State Funding Will Expand, Enhance Veterinary Diagnostic Services
SAINT PAUL-MINNEAPOLIS – (6/1/16) – Animal owners throughout Minnesota will benefit from new state funding provided to the University of Minnesota Veterinary Diagnostic Laboratory. State legislators authored and Governor Dayton signed legislation to provide nearly $2.1 million to expand and enhance the laboratory’s services.
The University’s laboratory is Minnesota’s only full-service lab for animal health diagnosis; is the official lab of the Minnesota Board of Animal Health; and performs nearly 1.4 million procedures annually. The large caseload supports teaching and research in the College of Veterinary Medicine and throughout the University.
The one-time funds will provide equipment to create a dedicated section for developing new diagnostic tests for emerging diseases, and increase the lab’s genomic sequencing capacity to discover emerging viruses and characterize existing viruses. The funding also will allow for three years of computer programming and software development to securely deliver higher quality diagnostic reports to veterinarians and animal owners. The upgrades will allow the addition of historical trends to a herd’s health status, the ability to trace disease pathogens through a business’s supply chain, and ensure compatibility with regional and federal disease reporting standards. The new reporting tools also will be built for delivery via mobile technology—giving veterinarians and farmers more convenient access to their data.
“We play a critical role by putting accurate information into the hands of veterinarians and producers when they need it,” says Jerry Torrison, the laboratory’s director. “The livestock industry needs to respond quickly and appropriately to emerging disease threats, and having convenient and timely data is critical to making good decisions.”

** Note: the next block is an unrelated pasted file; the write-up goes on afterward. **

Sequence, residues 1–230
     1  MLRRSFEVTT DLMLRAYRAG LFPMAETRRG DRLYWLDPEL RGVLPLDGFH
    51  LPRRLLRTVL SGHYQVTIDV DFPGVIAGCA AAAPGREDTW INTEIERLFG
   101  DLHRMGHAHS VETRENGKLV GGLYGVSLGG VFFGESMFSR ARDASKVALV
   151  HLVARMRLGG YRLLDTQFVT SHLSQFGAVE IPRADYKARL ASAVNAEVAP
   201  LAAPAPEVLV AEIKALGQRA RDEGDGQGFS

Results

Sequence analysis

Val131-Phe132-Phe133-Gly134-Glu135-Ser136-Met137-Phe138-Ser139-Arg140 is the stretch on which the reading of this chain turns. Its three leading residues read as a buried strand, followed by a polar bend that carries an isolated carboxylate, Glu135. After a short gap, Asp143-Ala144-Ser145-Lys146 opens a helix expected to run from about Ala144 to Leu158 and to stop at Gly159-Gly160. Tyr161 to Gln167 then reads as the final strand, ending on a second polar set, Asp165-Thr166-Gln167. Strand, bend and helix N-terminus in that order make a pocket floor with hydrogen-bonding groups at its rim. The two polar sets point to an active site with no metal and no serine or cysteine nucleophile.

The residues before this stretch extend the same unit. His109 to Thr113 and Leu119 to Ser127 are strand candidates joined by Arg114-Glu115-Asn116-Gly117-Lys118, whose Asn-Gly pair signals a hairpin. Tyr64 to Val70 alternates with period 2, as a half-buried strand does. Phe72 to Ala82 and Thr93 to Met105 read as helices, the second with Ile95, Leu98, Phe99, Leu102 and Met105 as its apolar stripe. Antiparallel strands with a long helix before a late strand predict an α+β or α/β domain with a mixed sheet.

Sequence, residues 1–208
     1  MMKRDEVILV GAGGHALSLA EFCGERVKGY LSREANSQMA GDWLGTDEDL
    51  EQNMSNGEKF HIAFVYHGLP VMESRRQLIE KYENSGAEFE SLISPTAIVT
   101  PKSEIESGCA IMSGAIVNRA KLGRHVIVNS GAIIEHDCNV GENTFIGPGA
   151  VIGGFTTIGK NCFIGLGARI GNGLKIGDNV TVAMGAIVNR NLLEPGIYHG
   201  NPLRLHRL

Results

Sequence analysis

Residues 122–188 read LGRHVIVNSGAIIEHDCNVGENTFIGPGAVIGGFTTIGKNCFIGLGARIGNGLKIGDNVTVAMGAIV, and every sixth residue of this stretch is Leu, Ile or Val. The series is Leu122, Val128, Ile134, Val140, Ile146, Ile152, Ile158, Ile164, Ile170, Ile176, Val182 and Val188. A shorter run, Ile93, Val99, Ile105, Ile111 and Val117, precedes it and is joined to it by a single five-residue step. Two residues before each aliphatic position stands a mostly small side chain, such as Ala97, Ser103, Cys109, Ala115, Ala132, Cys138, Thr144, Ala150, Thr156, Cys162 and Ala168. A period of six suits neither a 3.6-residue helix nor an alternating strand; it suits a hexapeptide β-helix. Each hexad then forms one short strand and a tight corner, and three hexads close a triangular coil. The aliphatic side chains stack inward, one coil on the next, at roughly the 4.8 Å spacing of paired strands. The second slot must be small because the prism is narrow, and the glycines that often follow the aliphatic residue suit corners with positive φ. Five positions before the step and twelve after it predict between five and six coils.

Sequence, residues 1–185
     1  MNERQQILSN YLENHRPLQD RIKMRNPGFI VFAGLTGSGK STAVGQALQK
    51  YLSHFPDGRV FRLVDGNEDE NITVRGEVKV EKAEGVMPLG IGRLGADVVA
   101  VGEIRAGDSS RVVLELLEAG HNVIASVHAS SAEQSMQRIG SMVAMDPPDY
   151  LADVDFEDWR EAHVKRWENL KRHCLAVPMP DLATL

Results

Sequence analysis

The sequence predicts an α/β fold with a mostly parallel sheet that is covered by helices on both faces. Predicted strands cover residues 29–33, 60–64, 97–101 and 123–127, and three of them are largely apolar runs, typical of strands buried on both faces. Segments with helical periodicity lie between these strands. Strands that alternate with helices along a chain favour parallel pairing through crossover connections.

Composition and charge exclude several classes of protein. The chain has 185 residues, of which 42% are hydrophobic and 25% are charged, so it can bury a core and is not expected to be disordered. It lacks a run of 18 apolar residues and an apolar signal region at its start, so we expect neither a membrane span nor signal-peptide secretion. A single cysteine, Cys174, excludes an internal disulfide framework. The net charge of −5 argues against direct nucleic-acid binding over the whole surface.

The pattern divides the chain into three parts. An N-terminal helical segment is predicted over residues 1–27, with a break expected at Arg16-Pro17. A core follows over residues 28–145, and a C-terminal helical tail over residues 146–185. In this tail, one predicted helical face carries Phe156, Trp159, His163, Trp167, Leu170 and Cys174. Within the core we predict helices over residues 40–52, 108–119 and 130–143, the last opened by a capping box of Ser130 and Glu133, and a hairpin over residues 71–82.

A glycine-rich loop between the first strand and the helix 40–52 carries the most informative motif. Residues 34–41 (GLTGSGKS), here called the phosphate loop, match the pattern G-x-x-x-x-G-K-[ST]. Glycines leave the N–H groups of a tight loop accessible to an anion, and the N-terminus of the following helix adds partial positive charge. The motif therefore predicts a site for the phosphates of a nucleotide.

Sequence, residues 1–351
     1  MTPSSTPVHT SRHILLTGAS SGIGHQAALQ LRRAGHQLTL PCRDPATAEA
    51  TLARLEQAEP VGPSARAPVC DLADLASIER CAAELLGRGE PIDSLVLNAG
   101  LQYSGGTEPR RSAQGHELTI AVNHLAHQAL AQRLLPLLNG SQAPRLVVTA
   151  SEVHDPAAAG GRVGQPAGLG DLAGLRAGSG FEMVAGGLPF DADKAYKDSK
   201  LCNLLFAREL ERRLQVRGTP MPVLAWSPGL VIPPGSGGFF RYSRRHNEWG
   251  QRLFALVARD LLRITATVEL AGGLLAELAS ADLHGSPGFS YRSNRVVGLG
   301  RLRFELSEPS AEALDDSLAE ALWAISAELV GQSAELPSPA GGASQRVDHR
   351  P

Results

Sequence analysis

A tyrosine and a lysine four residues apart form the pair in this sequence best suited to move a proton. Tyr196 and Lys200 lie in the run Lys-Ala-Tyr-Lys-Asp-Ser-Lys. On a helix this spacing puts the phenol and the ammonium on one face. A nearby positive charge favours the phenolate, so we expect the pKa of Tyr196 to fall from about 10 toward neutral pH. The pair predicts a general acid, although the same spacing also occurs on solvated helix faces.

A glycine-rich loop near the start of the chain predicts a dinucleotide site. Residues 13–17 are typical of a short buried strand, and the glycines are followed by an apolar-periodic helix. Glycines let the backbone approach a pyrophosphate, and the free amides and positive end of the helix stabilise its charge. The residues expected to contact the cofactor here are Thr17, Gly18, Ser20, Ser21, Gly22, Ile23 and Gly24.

“Increasingly, our users access their data online with a smartphone,” Torrison adds. Use of mobile technology to access the lab’s secure online portal has increased nearly six-fold in the past four years.
2015’s outbreak of highly pathogenic avian influenza, and the wave of porcine epidemic diarrhea virus cases in U.S. swine herds in 2013 demonstrate the economic risk of animal disease outbreaks. In the case of avian influenza, the economic impact in Minnesota alone was estimated at over $650 million. With increased global travel and exposure, Minnesota’s livestock and human population is more vulnerable to new diseases than ever before. The University’s Veterinary Diagnostic Laboratory plays a key role in responding to disease outbreaks that threaten these populations.
The University of Minnesota Veterinary Diagnostic Laboratory helps protect animal, human and environmental health through 1) rapid diagnosis of animal diseases, 2) detection of emerging diseases, 3) surveillance of animal and zoonotic (transmissible between humans and animals) diseases and 4) training of animal health professionals.
Contacts: Jerry Torrison, director, Veterinary Diagnostic Laboratory, email@example.com